L.D. “Babby” Hand, Jr., certainly the greatest father in the world, went to be with the Lord September 27, 2009. I can’t begin to describe the deep levels of impact Dad has had in my life and walk with the Lord. He was a quiet man. His words were few but if you caught him at the right time the communication you received was priceless! He had a special way to assess a situation with wisdom. When he told you what he thought, it was quality, sage advice – never overexaggerated opinion. Yet, due to his quiet ways, he often could catch you off guard with his witty sense of humor. His laugh and his smile are engraved in my memory. Hopefully this post will capture a scant portion of some moments of his dry wit – read on below.
The funeral was extremely God honoring and humbling. Dad never liked any extra attention, but it was a very accurate celebration of his life. He met Jesus in a personal way about 20 years or so ago. Basically we’ve been celebrating with him ever since then here on earth, now we celebrate him being fully in God’s presence. My father had always been a church attender and perhaps had a meaningful salvation experience early on in life. But about 20 years ago – roughly the same time my life changed as a student in college – I began to notice many distinct changes in my Dad’s life. God’s powerful love seemed to flow through him. And he began to serve the Lord – in many ways totally behind the scenes. He volunteered at the state prison nearby – working with Prison Fellowship Ministries to coordinate Bible Studies. For many years he coordinated the Project Angel Tree program for our county – providing Christmas presents for the children of prison inmates who would not get to spend Christmas with their fathers.
My brother Hollis spoke at the service – following up a great message from two different pastors – and really put an incredible cap on the whole service. It was a wonderful tribute – just perfect for illustrating how Dad had a strong faithfulness to us that we never doubted.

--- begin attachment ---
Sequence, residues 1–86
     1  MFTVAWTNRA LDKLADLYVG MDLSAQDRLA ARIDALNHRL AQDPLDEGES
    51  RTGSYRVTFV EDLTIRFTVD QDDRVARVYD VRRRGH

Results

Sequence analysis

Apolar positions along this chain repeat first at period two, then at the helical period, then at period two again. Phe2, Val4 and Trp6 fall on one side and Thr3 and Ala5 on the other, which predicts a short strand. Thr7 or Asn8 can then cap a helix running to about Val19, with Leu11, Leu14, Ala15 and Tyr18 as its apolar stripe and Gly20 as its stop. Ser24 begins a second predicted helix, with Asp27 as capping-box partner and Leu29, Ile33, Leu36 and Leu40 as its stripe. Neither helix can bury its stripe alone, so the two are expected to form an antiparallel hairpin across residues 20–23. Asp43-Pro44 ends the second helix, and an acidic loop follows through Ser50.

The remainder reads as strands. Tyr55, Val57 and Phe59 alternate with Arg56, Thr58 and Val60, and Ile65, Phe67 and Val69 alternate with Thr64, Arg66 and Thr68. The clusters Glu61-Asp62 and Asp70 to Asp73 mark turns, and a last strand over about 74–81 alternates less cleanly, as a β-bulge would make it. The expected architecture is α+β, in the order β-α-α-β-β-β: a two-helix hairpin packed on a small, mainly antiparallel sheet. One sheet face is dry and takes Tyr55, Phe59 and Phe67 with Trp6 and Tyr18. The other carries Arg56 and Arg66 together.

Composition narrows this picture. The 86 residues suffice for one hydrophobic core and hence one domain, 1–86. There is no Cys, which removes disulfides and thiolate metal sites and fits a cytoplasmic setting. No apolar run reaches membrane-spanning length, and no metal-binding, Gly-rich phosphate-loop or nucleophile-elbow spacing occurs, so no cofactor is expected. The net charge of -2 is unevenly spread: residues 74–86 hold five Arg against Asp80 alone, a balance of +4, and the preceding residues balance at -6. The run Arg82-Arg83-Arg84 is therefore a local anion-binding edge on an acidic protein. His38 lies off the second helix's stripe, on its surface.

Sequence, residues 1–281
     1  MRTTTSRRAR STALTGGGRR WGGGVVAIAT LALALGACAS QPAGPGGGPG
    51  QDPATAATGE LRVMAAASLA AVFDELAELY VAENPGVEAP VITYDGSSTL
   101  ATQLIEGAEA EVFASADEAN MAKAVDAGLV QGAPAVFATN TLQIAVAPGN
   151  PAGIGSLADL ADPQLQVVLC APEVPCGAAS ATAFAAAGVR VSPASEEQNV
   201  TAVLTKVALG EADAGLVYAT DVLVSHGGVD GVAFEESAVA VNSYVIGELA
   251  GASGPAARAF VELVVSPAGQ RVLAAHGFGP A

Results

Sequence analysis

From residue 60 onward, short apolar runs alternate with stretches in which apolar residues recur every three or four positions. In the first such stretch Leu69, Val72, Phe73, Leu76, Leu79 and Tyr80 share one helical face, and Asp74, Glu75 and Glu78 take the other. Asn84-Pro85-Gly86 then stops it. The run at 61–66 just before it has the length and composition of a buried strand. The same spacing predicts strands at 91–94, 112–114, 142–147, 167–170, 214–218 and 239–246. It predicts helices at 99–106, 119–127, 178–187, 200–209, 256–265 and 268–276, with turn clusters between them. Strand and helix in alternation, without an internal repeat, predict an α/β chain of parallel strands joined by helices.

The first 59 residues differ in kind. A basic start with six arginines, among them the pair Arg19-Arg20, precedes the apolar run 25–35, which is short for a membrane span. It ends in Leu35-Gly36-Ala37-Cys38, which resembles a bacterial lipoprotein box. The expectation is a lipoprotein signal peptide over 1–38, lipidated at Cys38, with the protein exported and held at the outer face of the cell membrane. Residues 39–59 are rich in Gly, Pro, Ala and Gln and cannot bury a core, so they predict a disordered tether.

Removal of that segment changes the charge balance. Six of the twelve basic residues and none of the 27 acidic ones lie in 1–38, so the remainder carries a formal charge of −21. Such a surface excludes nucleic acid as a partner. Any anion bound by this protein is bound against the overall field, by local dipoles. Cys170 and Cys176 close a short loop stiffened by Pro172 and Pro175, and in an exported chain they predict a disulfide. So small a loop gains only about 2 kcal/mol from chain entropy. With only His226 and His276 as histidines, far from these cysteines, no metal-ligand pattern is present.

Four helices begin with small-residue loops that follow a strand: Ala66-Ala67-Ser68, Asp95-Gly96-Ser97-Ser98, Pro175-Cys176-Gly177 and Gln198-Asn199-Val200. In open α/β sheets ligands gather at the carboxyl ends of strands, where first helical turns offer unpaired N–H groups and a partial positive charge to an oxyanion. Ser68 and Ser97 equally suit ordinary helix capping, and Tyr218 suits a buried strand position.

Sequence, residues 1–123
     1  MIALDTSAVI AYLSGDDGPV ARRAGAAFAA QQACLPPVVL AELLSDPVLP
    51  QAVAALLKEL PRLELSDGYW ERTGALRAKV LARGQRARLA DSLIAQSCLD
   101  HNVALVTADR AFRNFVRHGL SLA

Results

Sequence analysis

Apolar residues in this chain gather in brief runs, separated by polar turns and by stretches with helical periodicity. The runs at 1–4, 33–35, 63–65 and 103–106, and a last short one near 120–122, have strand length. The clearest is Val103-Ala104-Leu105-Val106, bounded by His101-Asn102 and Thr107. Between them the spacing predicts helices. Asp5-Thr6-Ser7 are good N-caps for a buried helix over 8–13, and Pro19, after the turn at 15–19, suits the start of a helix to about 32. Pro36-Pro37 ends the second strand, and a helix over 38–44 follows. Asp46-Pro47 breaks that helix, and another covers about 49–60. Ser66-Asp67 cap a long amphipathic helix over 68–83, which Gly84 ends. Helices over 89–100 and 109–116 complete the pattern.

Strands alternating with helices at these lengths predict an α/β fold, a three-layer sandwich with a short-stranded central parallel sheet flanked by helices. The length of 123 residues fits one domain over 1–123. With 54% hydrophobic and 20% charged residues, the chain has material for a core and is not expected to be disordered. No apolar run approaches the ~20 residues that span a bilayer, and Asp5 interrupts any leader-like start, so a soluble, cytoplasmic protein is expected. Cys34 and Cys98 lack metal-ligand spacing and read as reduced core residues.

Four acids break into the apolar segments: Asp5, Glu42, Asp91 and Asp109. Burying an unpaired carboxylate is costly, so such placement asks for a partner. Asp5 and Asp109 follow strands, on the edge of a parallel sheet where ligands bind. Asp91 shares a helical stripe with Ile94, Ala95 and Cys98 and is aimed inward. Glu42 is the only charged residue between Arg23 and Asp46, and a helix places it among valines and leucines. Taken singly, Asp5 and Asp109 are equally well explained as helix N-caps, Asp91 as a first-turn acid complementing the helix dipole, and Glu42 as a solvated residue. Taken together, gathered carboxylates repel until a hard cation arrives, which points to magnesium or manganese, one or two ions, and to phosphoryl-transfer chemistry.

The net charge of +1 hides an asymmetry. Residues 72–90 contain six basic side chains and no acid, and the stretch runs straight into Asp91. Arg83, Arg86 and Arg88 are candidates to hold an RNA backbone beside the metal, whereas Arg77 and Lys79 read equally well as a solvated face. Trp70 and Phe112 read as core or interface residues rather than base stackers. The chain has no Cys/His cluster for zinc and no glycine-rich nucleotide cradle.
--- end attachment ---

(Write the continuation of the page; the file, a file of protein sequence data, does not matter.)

For the full text of Hollis’ tribute, click here to download the text file. But here are a few choice excerpts. My slight edits are in [brackets]:
“[Dad] always persevered through adversity through faith and hard work. He was very fortunate to not struggle with materialism as so many men do. He did not care at all if our house was relatively older and smaller than most of our neighbors. . . . He had no problem at all with driving older, rusted cars rather than buy one he couldn’t afford. I remember being very upset with him when I was about 14 or 15 years old and we had only one car in our family, an old Chevrolet Nova – [no air conditioning] – with almost 200,000 miles on it. [But now] how proud I am now of how disciplined he was with our family finances!”
” Dad’s own legacy is that he loved the Lord with all his heart, and to his family he showed unconditional love and commitment that honored God. His life and ministry to others are evidence of Christ’s overflowing love that lived in his heart. As it is written in God’s word:
Love is patient, love is kind it does not envy, it is not proud. It is not rude, it is not self-seeking, it is not easily angered, it keeps no record of wrongs. Love does not delight in evil, but rejoices with the truth. It always protects, always trusts, always hopes, always perseveres. Love never fails.
1 Corinthians 13,1-8, NIV
Anyone who knew my Dad would agree that you could easily substitute his name in place of the word “love” in this passage. Dad showed his love for David and me in the most excellent of ways: he was always telling us how proud he was of us, and he always wanted to spend time with us. David and I enjoyed spending time in his office with him when he was president of the Hand Trading Company. We went with him to the Albany airport when we were young to watch the airplanes land and take off, and Dad renewed his pilot’s license so he could take the whole family on an airplane ride in order to celebrate David’s 6th birthday. We went to see air shows to see air force jets and other military aircraft perform. We would build model airplanes and rockets together, and then go to my granddaddy’s farm to shoot the rockets into the air in a field and watch them parachute down. Some of those rockets are still on the mantle of the fireplace in the den of mom’s house, as a reminder of his legacy of love for his sons.”